Florida, the United States’ 27th state, is being returned to Spain for repairs under a colonial-era warranty plan. Britain acquired Florida from Spain, who had allied with the French, after winning the French and Indian War in 1763. Part of the Treaty of Paris agreement ending the war included a 300 year warranty against defects for the modern-day State of Florida.
Under the agreement, this warranty applied to all future owners. The United States won Florida from Britain following the Revolutionary War in the 1770’s.
Florida was guaranteed by Spain to be free from defects, specifically in Democratic Process and intelligence. After the US presidential election of 2000 many in the United States government began to doubt that Spain had provided them a properly functioning product.
Two years later, during the Democratic gubernatorial primary in 2002, Florida experienced similar problems with their voting process even after a major redesign of the system. In response, the US Senate commissioned a task force to investigate whether Florida is functioning properly and concluded that the state should be eligible for warranty repairs.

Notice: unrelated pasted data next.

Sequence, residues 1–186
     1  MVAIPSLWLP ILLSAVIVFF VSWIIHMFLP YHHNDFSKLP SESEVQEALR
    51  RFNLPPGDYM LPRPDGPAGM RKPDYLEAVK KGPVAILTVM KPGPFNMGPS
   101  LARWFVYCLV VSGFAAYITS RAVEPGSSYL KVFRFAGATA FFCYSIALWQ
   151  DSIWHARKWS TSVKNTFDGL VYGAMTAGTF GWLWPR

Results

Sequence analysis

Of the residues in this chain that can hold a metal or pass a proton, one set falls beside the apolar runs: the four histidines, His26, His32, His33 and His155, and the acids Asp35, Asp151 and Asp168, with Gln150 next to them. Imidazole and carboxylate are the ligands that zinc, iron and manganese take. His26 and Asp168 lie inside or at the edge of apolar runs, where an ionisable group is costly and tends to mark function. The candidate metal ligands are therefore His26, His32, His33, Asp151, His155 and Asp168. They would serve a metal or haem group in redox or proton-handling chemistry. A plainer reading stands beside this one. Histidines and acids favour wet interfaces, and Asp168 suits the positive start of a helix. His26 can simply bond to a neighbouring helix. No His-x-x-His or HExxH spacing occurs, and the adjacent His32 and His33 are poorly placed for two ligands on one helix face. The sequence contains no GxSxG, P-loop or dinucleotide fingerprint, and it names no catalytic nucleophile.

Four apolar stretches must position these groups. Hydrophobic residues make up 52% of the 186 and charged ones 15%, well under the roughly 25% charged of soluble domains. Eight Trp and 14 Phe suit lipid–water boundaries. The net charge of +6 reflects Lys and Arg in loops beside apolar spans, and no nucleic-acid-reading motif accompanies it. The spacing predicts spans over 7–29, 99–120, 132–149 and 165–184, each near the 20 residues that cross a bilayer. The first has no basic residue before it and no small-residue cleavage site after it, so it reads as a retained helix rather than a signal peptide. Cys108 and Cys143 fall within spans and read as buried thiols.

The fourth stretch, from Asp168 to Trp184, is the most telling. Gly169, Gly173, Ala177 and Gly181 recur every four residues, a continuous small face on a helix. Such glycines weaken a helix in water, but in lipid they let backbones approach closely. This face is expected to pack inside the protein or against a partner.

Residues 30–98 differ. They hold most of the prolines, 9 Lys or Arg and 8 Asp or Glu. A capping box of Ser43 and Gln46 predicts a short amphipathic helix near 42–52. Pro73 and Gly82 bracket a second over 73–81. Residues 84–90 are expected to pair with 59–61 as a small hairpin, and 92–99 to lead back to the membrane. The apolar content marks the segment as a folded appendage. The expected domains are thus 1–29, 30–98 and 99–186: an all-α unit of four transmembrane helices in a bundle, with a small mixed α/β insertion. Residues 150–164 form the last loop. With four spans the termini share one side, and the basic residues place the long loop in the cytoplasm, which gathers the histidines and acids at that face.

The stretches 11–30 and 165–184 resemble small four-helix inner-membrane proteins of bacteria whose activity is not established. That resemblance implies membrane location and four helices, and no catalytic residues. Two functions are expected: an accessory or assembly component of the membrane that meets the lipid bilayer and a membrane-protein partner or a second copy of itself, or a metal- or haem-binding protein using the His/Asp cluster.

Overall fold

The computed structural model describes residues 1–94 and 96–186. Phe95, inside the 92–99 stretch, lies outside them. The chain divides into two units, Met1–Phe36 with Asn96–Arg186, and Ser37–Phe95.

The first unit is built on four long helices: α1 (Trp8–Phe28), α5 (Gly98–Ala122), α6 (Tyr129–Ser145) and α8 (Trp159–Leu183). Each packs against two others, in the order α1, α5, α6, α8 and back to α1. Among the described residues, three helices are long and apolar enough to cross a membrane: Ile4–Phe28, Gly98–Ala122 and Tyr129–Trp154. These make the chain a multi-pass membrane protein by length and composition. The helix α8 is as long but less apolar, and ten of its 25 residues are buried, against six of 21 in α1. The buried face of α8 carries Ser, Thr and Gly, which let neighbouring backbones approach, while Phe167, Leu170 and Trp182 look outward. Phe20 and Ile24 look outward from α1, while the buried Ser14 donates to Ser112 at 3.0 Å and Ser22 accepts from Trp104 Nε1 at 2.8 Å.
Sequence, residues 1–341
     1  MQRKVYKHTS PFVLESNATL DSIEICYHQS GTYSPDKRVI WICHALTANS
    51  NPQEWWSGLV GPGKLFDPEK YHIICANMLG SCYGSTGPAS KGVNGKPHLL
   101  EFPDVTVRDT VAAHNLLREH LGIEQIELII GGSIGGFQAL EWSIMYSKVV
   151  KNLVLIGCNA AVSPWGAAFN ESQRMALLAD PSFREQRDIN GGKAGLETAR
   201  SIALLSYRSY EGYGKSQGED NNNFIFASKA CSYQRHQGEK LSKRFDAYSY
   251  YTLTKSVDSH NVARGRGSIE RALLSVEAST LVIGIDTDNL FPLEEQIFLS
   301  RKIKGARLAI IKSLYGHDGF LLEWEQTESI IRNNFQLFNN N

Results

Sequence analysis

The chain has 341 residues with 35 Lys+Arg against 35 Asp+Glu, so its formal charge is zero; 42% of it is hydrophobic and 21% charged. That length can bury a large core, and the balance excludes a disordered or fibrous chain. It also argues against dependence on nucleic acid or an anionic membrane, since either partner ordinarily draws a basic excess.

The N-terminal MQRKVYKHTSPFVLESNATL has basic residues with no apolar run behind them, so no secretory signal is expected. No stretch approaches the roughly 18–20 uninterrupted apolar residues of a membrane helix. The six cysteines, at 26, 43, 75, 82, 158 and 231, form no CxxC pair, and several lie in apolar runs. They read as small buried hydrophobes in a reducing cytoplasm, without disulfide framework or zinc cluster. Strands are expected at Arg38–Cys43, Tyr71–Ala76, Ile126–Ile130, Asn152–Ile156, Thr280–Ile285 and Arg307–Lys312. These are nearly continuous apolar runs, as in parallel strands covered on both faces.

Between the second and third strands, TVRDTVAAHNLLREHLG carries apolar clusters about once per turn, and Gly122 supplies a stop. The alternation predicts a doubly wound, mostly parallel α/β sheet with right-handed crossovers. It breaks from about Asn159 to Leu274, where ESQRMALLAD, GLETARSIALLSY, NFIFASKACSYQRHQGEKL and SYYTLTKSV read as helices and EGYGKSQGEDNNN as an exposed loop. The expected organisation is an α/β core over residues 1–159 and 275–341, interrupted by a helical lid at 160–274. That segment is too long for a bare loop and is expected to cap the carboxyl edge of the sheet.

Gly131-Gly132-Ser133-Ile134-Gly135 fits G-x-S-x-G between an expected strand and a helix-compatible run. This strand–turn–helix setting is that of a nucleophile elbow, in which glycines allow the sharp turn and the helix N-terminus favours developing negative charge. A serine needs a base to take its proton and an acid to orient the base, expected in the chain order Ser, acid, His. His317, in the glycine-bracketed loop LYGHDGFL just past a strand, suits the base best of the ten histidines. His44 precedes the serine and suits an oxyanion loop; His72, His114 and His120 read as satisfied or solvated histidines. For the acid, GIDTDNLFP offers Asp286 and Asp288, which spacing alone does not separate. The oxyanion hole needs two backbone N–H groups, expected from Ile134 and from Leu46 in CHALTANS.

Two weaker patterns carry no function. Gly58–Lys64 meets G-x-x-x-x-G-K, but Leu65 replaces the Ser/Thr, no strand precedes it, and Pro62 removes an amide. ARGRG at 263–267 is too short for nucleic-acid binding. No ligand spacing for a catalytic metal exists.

Reportedly after spending six days on hold, Spanish technical support requested that Florida perform a recount while holding the shift-key, which places the election commission in “safe-mode”. The election was still undecided, and citing that this has shown to be a recurring problem Spain has grudgingly accepted the request for free repair.
If Florida is found to be permanently damaged, Spain will be forced to offer the United States a full refund for the cost of the French and Indian War, or a new state of equal or greater land mass from Spain’s current territorial holdings.
There was no comment from the Spanish government, reporting that they do not discuss the nature of specific repairs. They do report, however, that other former Spanish holdings are having similar problems and they may initiate a recall. Many conjecture that Mexico and some South American nations have been back for repairs in Spain several times.
A US Senate spokesperson reports that shipping costs, estimated in the billions (US$), will have to be covered by the Spanish government.